Why Abu Dhabi’s next natural history museum is a big deal
Abu Dhabi: Do you want to see the biggest piece of moon to ever hit the earth? Or the bones of prehistoric four-tusked elephants that once roamed the Al Dhafra region?
A 13kg lunar meteorite and the tusks of a primitive elephant known as the stegotetrabelodon will join the famous tyrannosaurus rex (T-rex) fossil, Stan, and the Murchison meteorite, at the upcoming Abu Dhabi Natural History Museum. Dubai. At the moment, they are also on display at Manarat Al Saadiyat as part of an exhibition that will run until May 12.
“Many people in Arabia don’t realize the geological and fossil history of Arabia and the reason they don’t realize it is that there was no natural history museum here. Museums are inspiring and educational and natural history museums play an important role in educating people about the history of our universe,” said Dr Mark Beech, Head of Archeology for Al Dhafra and Abu Dhabi at the Department of Historic Environment of Department of Culture and Tourism Abu Dhabi (DCT Abu Dhabi).
“This is the first time that a natural history museum has been [looking at all of this] through an Arab lens and thus gives a local perspective on the development of flora and fauna. This [also] tells us of a time seven million years ago when Abu Dhabi had elephants, crocodiles, hippos, giant rivers, saber-toothed cats, hyenas and even early horses – all living in the area of ‘Al Dhafra,’ he added.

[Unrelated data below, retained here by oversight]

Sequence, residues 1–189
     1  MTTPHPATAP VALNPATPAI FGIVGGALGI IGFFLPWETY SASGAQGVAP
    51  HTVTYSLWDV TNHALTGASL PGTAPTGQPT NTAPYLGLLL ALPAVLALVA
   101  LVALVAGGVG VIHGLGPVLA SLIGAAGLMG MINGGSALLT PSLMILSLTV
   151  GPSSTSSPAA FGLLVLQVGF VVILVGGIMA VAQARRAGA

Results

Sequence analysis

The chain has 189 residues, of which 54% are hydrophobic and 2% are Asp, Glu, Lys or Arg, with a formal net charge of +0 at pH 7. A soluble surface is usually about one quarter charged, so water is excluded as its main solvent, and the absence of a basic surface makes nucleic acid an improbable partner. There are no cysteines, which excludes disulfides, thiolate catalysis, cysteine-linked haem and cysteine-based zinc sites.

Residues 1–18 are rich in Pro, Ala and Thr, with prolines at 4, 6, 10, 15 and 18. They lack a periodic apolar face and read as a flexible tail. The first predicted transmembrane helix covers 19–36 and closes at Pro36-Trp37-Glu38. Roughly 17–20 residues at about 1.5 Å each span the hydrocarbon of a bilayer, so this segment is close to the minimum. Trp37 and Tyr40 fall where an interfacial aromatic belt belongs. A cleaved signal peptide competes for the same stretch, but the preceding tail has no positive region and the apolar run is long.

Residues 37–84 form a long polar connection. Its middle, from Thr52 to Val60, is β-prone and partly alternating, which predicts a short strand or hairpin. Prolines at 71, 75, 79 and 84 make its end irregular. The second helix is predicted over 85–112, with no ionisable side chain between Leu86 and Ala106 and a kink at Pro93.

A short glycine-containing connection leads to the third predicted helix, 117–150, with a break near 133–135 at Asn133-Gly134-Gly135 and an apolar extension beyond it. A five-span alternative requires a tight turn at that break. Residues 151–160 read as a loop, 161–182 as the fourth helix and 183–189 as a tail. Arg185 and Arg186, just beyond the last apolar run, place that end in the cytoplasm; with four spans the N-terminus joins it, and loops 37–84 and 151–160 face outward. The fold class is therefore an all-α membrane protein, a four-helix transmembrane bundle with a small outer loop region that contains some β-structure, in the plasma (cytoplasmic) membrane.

The Abu Dhabi Natural History Museum is set to open specifically in the Saadiyat Cultural District on Saadiyat Island. Early announcements have sparked excitement about Stan, the 67 million-year-old skeleton that is among the most intact and best-preserved dinosaur specimens in the world. The skeleton was auctioned off by auction house Christie’s, and Abu Dhabi recently announced it would be available for research and study at its new home.
“It will not only be a museum with amazing exhibits containing thousands of specimens – and we already have thousands of specimens – but it will also be a research institute with its own research staff undertaking research and teaching” , said Dr. Beech.
The accomplished archaeologist and published author has himself been involved in paleontological research in Abu Dhabi, including that of the Baynunah Formation, a sequence of sandstones and mudstones, in the Al Dhafra region which contains fossils dating from the Upper Miocene period.
One of Dr Beech’s finds in Ruwais – a two and a half meter long upper tusk of a stegotetrabelodon elephant discovered in 2002 – is actually on display at the Manarat Al Saadiyat exhibit.
“Natural history museums play a very important role in life. People get to know about the history of our universe, from the beginnings of the universe, the development of our solar system, the geological formation of planets, the emergence of planets, and different geological ages. The Abu Dhabi Natural History Museum will also make us think about the future and the fragility of the planet. After taking visitors on a journey over millions of years, it will take you to the present day and encourage people to think about how we can live more sustainably and take better care of our planet in the midst of global warming. , plastic pollution [and other challenges]said Dr. Beech.
Fill a gap
According to the researcher, the museum will join an elite network of natural history museums that are helping to advance humanity’s understanding of the ages and the universe.